Sewell Sillman

Sewell Sillman
American, 1924–1992
The Palace (Version 2), 1961
Oil on masonite
33 3/4 H. x 45 W. inches

Sewell Sillman
American, 1924–1992
Study for: Eclipse (Autumnal), 1971
Acrylic on masonite 
31 1/4 H. x 33 1/4 W. inches

Sewell Sillman
American, 1924–1992
Sketch: Thing in Itself, 1970
Acrylic on masonite
33 3/4 H. x 33 3/4 W. inches

Sewell Sillman
American, 1924-1992
Black and White, c. 1975
Acrylic on masonite
13 1/2 H. x 20 1/2 W. inches

Sewell Sillman
American, 1924–1992
Green, c. 1958
Acrylic on masonite
21 1/2 H. x 28 W. inches

Sewell Sillman
American, 1924–1992
Red, c. 1958
Acrylic on masonite

18 H. x 36 W. inches

Artist Description

Upon attending Black Mountain College in Asheville, North Carolina, Sewell Sillman’s life was arguably altered forever. Prior to his enrollment, he enlisted in the Air Force Reserve in 1942, where he trained at Johns Hopkins and served in Europe during World War II. Once discharged, he attempted to resume earlier studies at Georgia Tech in 1946 but found the learning environment to be too rigid for his liking. Moving to study architecture at Black Mountain College, he quickly found that he was drawn to the courses led by Josef Albers. Some of the notable instructors who taught there included Buckminster Fuller, Willem de Kooning, Walter Gropius, among others. Kenneth Noland, Robert Rauschenberg, Ruth Asawa, and Ray Johnson also studied alongside Sillman at the college. He was quoted regarding Black Mountain, saying that it “…gave me a chance to get rid of absolutely every standard that I had grown up with… It was like a snake that loses its skin… What was left was someone who had absolutely no idea in the world what to do… It was marvelous.”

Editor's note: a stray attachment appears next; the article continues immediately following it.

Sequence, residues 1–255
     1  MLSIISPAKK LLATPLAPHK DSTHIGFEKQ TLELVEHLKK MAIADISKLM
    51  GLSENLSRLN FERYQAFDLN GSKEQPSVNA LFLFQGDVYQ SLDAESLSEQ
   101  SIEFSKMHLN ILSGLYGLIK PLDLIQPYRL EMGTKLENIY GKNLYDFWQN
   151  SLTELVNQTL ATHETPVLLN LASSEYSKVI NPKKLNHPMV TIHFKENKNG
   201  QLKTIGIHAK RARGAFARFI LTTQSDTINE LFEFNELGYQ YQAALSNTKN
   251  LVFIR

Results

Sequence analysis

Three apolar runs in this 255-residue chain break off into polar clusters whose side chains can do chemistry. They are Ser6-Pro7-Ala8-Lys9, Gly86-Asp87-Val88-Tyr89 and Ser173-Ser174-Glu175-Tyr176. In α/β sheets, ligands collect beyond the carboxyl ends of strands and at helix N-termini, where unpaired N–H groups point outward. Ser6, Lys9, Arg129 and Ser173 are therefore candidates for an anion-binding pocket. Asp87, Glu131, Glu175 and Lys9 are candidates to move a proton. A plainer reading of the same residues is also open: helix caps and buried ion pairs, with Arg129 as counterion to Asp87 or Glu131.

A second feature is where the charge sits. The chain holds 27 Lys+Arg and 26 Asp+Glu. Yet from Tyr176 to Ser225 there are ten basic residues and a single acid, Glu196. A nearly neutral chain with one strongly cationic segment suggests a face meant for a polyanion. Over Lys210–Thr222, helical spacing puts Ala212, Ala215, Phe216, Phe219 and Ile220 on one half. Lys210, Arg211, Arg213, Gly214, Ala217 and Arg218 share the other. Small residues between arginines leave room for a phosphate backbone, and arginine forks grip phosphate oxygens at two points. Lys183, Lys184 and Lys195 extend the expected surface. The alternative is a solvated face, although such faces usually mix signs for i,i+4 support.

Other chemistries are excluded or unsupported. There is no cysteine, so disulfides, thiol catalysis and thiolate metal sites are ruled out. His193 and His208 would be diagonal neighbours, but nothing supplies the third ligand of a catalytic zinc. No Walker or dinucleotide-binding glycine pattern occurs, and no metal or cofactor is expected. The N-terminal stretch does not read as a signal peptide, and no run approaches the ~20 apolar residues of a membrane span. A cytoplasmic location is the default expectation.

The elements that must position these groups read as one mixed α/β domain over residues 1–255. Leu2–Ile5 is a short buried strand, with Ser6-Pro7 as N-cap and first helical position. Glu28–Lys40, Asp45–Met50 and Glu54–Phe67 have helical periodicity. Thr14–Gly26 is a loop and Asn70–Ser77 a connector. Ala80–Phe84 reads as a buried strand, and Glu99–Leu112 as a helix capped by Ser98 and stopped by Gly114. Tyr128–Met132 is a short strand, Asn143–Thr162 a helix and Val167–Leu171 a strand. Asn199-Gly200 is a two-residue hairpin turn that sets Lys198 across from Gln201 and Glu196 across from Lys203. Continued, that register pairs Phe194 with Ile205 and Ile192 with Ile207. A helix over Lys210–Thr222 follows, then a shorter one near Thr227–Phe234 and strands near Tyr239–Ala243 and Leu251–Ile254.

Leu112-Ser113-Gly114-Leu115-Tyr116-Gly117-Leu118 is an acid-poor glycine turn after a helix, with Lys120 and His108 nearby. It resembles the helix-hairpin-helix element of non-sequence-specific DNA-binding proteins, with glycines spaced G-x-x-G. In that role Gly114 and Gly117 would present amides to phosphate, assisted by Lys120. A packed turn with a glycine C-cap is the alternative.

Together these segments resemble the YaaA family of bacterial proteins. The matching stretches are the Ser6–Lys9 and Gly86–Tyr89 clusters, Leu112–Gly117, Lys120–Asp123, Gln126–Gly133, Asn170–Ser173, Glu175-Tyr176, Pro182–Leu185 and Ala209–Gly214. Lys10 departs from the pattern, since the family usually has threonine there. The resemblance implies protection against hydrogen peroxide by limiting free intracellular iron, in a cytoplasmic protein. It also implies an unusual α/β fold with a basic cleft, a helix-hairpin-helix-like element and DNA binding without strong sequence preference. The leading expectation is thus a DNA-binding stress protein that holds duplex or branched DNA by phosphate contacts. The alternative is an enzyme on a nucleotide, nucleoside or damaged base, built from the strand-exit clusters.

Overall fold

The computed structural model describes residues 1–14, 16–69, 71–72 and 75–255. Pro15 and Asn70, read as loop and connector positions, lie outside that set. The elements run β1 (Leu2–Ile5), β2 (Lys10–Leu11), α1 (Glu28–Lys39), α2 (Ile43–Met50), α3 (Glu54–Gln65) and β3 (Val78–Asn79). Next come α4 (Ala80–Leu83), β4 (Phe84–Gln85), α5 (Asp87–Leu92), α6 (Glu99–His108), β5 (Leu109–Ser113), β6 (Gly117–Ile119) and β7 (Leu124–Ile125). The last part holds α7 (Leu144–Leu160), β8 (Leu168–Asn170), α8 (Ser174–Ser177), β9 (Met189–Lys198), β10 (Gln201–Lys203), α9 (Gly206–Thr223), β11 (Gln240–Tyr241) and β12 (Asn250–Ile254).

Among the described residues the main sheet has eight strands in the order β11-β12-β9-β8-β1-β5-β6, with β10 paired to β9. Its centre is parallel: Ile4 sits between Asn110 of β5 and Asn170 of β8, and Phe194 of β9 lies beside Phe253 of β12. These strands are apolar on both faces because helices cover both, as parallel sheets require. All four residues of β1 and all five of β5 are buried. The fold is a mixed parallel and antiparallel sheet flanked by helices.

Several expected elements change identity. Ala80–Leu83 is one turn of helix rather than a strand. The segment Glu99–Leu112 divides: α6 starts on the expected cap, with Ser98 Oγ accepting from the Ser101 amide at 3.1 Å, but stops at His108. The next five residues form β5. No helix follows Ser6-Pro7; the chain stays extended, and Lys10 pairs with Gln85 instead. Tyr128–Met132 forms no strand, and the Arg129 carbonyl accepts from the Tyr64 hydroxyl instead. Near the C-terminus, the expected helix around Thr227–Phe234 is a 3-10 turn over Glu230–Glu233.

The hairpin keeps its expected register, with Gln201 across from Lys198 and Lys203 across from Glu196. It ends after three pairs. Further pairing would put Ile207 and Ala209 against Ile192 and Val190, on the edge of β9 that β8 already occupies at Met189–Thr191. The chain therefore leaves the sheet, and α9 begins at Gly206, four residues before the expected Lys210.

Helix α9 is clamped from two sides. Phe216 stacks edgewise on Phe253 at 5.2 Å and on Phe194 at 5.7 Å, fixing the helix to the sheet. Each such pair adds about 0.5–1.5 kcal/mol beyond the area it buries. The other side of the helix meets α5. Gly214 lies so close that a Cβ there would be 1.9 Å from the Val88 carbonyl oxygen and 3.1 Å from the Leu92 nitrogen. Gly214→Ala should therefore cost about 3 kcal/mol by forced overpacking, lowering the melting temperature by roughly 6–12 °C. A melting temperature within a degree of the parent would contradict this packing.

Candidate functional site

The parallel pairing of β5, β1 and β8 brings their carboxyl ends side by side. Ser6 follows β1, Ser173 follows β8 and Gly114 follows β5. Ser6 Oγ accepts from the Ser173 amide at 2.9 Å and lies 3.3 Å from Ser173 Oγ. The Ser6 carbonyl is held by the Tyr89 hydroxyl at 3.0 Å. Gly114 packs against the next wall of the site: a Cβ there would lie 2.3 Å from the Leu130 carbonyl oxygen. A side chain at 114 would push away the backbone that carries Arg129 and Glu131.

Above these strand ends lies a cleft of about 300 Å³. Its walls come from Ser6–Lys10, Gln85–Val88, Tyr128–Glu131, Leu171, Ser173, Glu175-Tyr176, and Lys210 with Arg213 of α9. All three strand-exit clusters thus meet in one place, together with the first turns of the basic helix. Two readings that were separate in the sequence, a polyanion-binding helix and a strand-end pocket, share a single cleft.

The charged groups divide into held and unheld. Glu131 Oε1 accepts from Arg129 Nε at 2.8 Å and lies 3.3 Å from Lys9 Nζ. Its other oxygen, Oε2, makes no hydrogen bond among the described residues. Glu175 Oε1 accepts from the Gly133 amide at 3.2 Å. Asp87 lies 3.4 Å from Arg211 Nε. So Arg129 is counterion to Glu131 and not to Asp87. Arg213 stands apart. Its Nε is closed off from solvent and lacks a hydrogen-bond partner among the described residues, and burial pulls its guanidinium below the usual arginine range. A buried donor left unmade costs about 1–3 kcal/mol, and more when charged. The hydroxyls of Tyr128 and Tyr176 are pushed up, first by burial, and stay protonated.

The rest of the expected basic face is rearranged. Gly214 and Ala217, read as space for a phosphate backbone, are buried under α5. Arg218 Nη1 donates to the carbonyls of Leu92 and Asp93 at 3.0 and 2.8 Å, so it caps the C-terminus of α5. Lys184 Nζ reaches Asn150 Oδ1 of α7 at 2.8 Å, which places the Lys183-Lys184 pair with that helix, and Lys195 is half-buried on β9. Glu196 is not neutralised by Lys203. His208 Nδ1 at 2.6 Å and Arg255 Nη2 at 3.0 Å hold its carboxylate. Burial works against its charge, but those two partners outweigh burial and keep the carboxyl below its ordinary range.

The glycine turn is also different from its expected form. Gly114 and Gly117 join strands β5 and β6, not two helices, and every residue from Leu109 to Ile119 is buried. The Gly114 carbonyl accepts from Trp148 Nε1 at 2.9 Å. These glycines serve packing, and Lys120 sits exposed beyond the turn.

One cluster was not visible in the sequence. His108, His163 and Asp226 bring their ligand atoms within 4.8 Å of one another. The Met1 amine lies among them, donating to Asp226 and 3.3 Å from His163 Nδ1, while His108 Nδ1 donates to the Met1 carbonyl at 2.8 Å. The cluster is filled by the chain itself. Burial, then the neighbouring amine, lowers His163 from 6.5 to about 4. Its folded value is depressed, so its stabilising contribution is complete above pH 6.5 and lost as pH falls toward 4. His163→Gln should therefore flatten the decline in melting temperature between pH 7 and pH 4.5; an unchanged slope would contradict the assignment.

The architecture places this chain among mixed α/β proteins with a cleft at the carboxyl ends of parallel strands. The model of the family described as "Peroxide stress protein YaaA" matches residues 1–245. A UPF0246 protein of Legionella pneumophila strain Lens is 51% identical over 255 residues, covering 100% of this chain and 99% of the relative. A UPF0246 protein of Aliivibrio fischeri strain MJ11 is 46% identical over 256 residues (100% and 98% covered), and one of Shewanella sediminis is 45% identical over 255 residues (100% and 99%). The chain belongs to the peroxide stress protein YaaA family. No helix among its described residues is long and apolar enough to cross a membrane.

Sillman truly excelled in the realm of color and shape, creating compositions out of simple shapes and alternating palette for a top notch outcome. The mastery with which the artist approaches color may have started with his studies under Albers, but Sillman landed on a style that was distinctly his own. He even experimented with the positioning of the canvas itself, painting images within a diamond-shape that were meant to be hung as such. He had a natural eye for the way that colors and shapes work together, taking careful attention to detail in each work while still managing to come off with an air of ease.

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